Now is the time to speak up and act!

COMMUNITY COMMENTARY



 

 

On March 19, the JCRCs across the state were so excited that Bill S1292 and Bill S2937 were finally going to be voted on by the Senate State Wagering, Tourism, & Historic Preservation committee. Bill S1292 simply establishes a clear and concise explanation of antisemitism by adopting the IHRA definition and allocates $100,000 to a statewide public awareness campaign. Bill S2937 mandates the inclusion of definitions of antisemitism and Islamophobia in the state’s diversity, equity, inclusion, and belonging policies, as well as in any such policy for recipients of state funds.

It should have been no surprise, but it was that within 48 hours of the billing being placed on the agenda, the opposition mobilized and managed to cause such a ruckus that the Senate chair pulled the bill for vote. We did everything right by the book and were ready to state our case and alas the rug was pulled out from us.

Now is the time we need to act. This is not a job that someone else will do or a national organization will take care of. Senator Beach’s office received thousands of letters of opposition in a matter of days. Only a handful of support came from our community. We must take the time to write heartfelt letters, reply to automated letters (although personal letters are more likely to be read), make calls, and make our voices heard. For a people fighting to keep Israel a democracy, we must use our democratic system in the US to support the needs and security of our communities. Never in history have we had a chance to have our voices heard like now, so let’s not be silent.

We are thrilled that our dear friend and ally, Senator Beach, along with Senator Singer, were the ones to submit this bill. They need to hear from us today to tell them why it is so important to pass the IHRA definition. The IHRA definition is not legally binding but clearly states what is considered antisemitic, which is a useful tool for law enforcement, schools, businesses, and the average person. Nothing about the IHRA definition takes away free speech rights. If someone wishes to shout antisemitic slurs, they can, but with the IHRA definition, a school can call it what it is and issue consequences.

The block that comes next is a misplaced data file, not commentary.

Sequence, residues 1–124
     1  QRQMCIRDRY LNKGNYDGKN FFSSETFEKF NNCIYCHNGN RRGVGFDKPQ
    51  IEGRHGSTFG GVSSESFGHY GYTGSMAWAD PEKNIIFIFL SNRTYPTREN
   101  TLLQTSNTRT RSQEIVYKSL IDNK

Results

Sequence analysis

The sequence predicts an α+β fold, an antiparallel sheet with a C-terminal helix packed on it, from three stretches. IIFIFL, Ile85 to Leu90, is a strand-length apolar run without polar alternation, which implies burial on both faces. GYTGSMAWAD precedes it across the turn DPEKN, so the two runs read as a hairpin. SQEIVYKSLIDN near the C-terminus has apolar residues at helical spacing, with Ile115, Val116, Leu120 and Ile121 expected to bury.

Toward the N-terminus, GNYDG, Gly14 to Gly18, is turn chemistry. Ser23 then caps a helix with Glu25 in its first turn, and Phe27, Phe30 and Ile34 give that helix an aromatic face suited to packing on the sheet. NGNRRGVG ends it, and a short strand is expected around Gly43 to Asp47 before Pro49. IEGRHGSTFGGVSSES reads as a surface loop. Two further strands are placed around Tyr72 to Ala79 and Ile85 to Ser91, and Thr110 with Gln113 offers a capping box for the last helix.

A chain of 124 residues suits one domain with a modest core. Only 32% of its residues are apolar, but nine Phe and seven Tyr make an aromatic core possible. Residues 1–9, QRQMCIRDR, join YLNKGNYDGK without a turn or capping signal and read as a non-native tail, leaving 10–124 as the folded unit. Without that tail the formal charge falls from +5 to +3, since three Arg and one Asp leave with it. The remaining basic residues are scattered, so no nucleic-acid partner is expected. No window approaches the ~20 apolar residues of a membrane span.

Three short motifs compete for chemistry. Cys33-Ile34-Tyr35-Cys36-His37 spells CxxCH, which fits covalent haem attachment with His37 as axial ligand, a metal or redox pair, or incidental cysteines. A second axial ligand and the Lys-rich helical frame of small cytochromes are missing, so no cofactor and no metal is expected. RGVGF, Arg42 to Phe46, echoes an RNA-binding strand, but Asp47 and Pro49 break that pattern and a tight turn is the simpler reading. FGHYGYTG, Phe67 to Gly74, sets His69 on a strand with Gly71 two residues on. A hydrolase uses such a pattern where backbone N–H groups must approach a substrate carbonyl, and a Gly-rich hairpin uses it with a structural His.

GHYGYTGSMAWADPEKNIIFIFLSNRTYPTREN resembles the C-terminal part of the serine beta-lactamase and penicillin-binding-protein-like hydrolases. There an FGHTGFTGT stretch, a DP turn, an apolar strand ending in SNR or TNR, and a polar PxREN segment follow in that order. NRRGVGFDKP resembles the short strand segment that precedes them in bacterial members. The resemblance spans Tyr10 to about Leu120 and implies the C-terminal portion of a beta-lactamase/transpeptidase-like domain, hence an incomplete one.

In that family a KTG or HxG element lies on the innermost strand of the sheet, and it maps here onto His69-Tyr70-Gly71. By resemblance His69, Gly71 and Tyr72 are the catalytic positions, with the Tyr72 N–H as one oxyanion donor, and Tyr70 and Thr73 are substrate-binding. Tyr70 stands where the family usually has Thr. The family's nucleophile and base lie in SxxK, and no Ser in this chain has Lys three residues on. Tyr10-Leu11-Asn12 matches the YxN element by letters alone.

Email Senator Beach at Sen- Beach@njleg.org

For a full list of Senators from your district and the committee members, please visit our website: www.jcrcsnj.org

The JCRC will also be hosting a series of Zoom calls to answer questions about the IHRA definition as well as assist in advocacy efforts. If you would like to learn more, please refer to our schedule at www.jcrcsnj.org

In the same vein as writing letters, we had a powerful Middle East Institute with guest speakers Emily Austin and Ryan Lavarnway last month. Both speakers are outspoken advocates for Israel and embracing Jewish pride. I was particularly inspired by Emily when she talked about the need for everyone to be on social media regardless of age or skill set. Our battleground is on social media, and if we don’t all start working to change the algorithms with comments, likes, and posts, we are just paddling upstream. I am challenging myself to engage more and to come out of my anti-social media shell to fight the battle. I’m not always comfortable posting, nor do I know what I am doing on Instagram, but this is where we need to be.

A prime example was the IHRA hijacking. Our opposition took to social media and has misinformed and changed the narrative, making the IHRA definition an enemy of free speech rather than letting it be a useful tool to protect the rights and freedoms of the Jews.

We have the power to change the negative narrative if we can step out of our comfort zones. It is scary, and it takes effort, but we MUST find the time and courage to ACT NOW. We can use our voices to sway our elected officials and our technology to educate the masses.

sspector@jfedsnj.org